To avoid scaring bond buyers (who buy the government bonds to finance deficits), governments need credible 5-year plans to bring deficits down. They must convince markets of their discipline to get their fiscal houses in order. Germany has done this with a Constitutional amendment forcing a balanced budget by 2015; the US and UK have done nothing. Read about the German's prudent Constitutional Deficit Rule here: IMF on German CD Rule.

    Members of the EU normally must abide by a clause of the Maastricht treaty where deficits remain under 3% of GDP. All the EU governments have collectively ignored this, but some have put measures into place to get back there (Germany, the Netherlands), whereas others have 6-8% deficits that may go on for a long time. This is bad for bonds. Across the eurozone, where countries lack control over their money supply, the risk of default is more real. That is one of the reasons why the Markit SovX index, a basket of sovereign CDS on Europe’s top 15 nations, at 71.5 basis points (bps), is now 14% more expensive than the the index for the region’s top 125 investment-grade companies. To wit: an index of government bonds costs more to insure than an index of corporate bonds - bond investors prefer the full faith and credit of companies over countries! This is shocking - Western governments are supposed to be safer and more stable than companies headquartered inside them, because theoretically they can tax the companies and the populace to pay their debts.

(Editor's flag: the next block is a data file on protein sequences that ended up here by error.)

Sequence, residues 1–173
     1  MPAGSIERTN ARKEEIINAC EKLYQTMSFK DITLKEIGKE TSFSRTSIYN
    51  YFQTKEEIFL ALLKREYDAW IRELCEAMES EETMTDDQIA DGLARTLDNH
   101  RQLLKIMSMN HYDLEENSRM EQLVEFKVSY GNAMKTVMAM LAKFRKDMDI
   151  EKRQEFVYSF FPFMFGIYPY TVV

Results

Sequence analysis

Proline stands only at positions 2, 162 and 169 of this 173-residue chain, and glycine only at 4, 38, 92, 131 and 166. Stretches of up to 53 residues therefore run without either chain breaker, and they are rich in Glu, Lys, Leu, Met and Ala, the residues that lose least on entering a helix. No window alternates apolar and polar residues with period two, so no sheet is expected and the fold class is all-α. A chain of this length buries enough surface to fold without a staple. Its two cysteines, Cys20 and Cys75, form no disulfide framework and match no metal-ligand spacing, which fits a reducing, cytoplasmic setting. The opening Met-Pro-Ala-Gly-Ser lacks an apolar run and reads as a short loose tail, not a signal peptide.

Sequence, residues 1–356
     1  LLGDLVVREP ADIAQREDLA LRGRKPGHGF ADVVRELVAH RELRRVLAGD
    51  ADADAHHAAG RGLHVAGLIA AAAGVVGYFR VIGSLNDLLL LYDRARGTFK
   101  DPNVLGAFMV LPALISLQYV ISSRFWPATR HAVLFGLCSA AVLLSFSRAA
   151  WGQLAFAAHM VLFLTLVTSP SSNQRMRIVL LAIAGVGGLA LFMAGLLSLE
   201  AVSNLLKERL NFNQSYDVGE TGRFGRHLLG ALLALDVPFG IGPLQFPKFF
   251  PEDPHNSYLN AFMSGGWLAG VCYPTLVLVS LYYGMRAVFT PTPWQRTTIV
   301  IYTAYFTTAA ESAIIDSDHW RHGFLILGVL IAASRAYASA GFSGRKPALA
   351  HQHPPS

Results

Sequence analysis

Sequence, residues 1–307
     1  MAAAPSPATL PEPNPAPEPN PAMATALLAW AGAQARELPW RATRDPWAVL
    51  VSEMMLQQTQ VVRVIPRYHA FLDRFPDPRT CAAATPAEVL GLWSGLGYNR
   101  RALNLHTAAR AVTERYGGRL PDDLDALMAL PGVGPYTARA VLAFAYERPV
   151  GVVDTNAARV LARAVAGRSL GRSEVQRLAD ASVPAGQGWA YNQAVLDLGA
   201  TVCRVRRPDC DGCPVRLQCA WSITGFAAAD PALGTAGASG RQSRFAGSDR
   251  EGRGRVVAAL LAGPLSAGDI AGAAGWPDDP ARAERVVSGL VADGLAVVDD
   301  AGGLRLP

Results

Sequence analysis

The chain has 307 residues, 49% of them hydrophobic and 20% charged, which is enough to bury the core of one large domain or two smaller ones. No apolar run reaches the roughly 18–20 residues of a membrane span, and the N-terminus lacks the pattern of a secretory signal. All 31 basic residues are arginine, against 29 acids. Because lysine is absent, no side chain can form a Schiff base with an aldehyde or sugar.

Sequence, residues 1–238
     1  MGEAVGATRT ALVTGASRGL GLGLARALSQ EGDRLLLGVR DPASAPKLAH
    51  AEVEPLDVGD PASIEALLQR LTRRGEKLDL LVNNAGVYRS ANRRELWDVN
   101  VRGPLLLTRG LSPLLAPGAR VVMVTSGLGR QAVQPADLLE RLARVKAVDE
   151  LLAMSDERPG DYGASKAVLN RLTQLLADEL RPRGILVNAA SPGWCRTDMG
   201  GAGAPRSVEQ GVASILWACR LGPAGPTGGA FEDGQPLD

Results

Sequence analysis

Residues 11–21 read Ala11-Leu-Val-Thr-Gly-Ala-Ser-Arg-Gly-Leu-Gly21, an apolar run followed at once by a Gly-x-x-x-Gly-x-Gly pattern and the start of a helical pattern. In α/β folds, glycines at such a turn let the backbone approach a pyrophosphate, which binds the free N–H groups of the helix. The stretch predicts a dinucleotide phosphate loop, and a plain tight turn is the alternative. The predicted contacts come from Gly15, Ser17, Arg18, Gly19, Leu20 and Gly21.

Greece seems to be the worst offender of the PIIGS. Its total debt is estimated as high as 875% of GDP, compared to rich world normal of 500-600% (this includes all on and off balance sheet debt and an estimate of social spending commitments, according to McKinsey). Greece's outstanding government debt alone is between 120-130% of GDP. The Greek deficits were worse than what the previous Conservative government published of 6%. The Conservatives under Kostas Karamanlis basically lied through the national statistics department. The new, Socialist government under George Papandreou came in on October 2009 and published the correct number of 12% (recently revised up to 13%).

    #20     Jan 27, 2010